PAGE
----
The inhospital morbidity and mortality rates very widely, but have typically been reported to be relatively low, ranging between 2% and 5%.15 17 In contrast, the 6 month and 1 year mortality rates have been consistently estimated at 30%,14 18 19 indicating that, like hip fracture or ischemic stroke, cSDH represents a significant sentinel health event which portends a marked reduction in life span for patients when compared with age matched controls.

    CoNveNTioNAl mANAgemeNT There are no established guidelines for the manage- ment of patients with cSDH. As such, manage- ment strategies vary widely between individual physicians and institutions, and this variability is reflected in the literature.13 14 In general, conser- vative management is restricted to patients who are asymptomatic or have minor symptoms, with a cSDH measuring

  • 913Fiorella D, Arthur AS. J NeuroIntervent Surg 2019;11:912–915. doi:10.1136/neurintsurg-2019-014730

    Head and Neck

    figure 1 Adult patient presenting with a mixed density, chronic, left subdural hematoma with associated local mass effect (A). The patient underwent embolization of the middle meningeal artery branches with Onyx-18 (Medtronic, Irvine, California, USA). Follow-up CT (B) performed 12 weeks after the embolization demonstrates near complete resolution of the chronic subdural hematoma with resolution of the associated mass effect.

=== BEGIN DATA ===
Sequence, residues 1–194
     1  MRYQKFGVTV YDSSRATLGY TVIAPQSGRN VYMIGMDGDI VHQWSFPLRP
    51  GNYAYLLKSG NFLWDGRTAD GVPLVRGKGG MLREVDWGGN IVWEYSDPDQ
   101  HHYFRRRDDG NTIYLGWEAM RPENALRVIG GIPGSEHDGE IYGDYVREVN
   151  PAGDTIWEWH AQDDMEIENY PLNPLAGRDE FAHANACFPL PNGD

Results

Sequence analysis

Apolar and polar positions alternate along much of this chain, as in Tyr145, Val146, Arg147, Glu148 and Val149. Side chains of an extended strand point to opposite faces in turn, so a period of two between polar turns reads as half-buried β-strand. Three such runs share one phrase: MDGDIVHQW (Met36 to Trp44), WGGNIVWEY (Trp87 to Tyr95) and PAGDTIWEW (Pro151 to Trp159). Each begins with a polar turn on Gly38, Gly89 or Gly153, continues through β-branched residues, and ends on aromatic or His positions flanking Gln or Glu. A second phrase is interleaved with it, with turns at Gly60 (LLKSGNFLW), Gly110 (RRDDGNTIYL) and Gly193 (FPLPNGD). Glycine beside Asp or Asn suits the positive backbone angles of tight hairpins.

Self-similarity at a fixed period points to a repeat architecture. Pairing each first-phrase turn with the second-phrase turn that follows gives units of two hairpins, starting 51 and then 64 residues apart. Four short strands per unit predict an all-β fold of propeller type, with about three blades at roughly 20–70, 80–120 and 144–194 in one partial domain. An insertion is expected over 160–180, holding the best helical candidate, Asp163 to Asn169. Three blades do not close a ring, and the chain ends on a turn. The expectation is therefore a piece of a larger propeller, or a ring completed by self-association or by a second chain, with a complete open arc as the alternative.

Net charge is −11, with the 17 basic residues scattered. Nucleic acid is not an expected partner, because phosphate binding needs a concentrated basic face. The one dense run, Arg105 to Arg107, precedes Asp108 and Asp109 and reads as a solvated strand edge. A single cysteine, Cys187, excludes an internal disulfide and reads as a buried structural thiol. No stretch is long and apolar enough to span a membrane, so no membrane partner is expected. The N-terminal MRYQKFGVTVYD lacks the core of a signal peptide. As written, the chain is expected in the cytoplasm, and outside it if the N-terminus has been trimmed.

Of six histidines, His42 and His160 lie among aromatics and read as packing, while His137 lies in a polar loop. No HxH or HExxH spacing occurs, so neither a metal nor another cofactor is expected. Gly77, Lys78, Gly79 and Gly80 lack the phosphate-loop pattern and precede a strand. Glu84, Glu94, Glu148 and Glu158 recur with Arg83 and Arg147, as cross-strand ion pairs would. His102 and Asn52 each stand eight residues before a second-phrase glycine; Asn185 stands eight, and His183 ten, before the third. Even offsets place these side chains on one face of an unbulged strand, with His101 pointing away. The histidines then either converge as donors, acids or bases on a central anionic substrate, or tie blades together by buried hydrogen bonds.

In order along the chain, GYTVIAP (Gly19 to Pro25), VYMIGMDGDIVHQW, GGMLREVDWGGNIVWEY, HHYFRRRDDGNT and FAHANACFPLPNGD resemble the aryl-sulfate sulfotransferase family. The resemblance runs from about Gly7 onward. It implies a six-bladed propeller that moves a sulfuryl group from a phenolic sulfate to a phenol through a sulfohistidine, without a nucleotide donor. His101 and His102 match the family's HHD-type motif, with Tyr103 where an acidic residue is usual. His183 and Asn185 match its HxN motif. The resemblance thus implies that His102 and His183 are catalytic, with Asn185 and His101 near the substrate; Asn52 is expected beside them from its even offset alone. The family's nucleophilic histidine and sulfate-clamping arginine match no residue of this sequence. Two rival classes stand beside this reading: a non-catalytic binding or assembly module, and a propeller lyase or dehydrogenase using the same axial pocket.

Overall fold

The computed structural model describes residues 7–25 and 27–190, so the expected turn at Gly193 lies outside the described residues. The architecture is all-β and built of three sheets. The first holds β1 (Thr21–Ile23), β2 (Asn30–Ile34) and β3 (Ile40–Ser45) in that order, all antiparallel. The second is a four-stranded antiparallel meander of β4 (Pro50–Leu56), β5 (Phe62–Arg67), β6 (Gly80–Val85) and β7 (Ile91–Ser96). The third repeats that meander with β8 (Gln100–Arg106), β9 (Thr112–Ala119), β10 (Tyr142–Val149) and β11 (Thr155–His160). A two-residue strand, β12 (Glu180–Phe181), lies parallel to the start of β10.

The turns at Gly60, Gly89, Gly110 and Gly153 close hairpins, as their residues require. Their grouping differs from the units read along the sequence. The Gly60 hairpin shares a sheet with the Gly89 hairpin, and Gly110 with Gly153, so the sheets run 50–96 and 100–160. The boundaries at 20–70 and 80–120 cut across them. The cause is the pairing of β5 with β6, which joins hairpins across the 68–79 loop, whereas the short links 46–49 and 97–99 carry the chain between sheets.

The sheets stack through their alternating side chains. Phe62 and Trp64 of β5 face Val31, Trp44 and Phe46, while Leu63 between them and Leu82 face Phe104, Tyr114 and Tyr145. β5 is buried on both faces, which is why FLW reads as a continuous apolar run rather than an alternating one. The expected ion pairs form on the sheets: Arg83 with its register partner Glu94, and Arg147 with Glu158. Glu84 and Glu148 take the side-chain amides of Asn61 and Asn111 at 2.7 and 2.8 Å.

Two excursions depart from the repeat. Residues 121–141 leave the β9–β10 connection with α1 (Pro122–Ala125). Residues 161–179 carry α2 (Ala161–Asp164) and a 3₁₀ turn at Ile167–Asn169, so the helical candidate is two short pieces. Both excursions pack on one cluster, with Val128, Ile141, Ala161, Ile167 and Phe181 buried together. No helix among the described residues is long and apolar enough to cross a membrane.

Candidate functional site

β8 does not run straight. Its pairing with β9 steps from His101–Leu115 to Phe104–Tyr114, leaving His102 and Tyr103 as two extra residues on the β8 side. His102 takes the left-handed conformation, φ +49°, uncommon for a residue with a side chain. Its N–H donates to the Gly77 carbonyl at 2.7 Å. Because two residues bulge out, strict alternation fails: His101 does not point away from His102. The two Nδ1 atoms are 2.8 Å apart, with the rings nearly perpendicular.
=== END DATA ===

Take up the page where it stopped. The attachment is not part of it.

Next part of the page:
and with

  • 914 Fiorella D, Arthur AS. J NeuroIntervent Surg 2019;11:912–915. doi:10.1136/neurintsurg-2019-014730

    Head and Neck

    figure 2 Posterior-anterior projection after Onyx embolization in a patient with recurrent chronic subdural hematoma following initial surgical evacuation. The Onyx can be easily visualized distributed within the distal branches of both middle meningeal arterial branches.

    figure 3 Adult patient with enlarging recurrent bilateral chronic subdural hematoma (cSDH) following initially successful burr hole craniotomy. CT of the head demonstrates bilateral mixed density cSDH collections (A). Superselective angiogram (B) from a catheter position within a frontal branch of the middle meningeal artery demonstrates the anatomy of the distal branches with a capillary blush of the dura. Blank fluoroscopic roadmap image in the same lateral projection demonstrates the Onyx-18 injection from this catheter position with extensive and distal casting of the targeted branch with backfilling of the adjacent regional meningeal branch vessels (C). Oblique radiograph (D) after embolization of the right sided meningeal branches demonstrating the conspicuity of the distribution of the liquid embolysate throughout the targeted meningeal branches over the right convexity.